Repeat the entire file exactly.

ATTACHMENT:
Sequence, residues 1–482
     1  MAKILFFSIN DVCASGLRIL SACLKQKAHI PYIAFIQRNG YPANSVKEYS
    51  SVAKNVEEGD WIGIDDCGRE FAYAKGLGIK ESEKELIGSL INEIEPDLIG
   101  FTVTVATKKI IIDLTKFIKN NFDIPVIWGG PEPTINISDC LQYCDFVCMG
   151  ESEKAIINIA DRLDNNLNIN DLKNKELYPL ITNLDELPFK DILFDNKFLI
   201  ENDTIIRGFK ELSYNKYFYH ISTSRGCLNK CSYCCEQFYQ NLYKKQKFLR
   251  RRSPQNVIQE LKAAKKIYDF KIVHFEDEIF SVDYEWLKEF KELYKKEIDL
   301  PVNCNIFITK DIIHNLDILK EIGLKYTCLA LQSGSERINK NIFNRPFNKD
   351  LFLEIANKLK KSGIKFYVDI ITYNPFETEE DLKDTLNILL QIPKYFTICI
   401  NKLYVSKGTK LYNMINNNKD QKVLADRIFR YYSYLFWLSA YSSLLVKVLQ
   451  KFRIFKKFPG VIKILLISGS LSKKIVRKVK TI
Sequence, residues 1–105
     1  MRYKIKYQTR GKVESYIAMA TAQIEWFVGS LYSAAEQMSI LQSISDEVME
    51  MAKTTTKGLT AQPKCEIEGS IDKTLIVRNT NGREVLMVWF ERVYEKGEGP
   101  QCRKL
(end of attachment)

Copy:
Sequence, residues 1–482
     1  MAKILFFSIN DVCASGLRIL SACLKQKAHI PYIAFIQRNG YPANSVKEYS
    51  SVAKNVEEGD WIGIDDCGRE FAYAKGLGIK ESEKELIGSL INEIEPDLIG
   101  FTVTVATKKI IIDLTKFIKN NFDIPVIWGG PEPTINISDC LQYCDFVCMG
   151  ESEKAIINIA DRLDNNLNIN DLKNKELYPL ITNLDELPFK DILFDNKFLI
   201  ENDTIIRGFK ELSYNKYFYH ISTSRGCLNK CSYCCEQFYQ NLYKKQKFLR
   251  RRSPQNVIQE LKAAKKIYDF KIVHFEDEIF SVDYEWLKEF KELYKKEIDL
   301  PVNCNIFITK DIIHNLDILK EIGLKYTCLA LQSGSERINK NIFNRPFNKD
   351  LFLEIANKLK KSGIKFYVDI ITYNPFETEE DLKDTLNILL QIPKYFTICI
   401  NKLYVSKGTK LYNMINNNKD QKVLADRIFR YYSYLFWLSA YSSLLVKVLQ
   451  KFRIFKKFPG VIKILLISGS LSKKIVRKVK TI
Sequence, residues 1–105
     1  MRYKIKYQTR GKVESYIAMA TAQIEWFVGS LYSAAEQMSI LQSISDEVME
    51  MAKTTTKGLT AQPKCEIEGS IDKTLIVRNT NGREVLMVWF ERVYEKGEGP
   101  QCRKL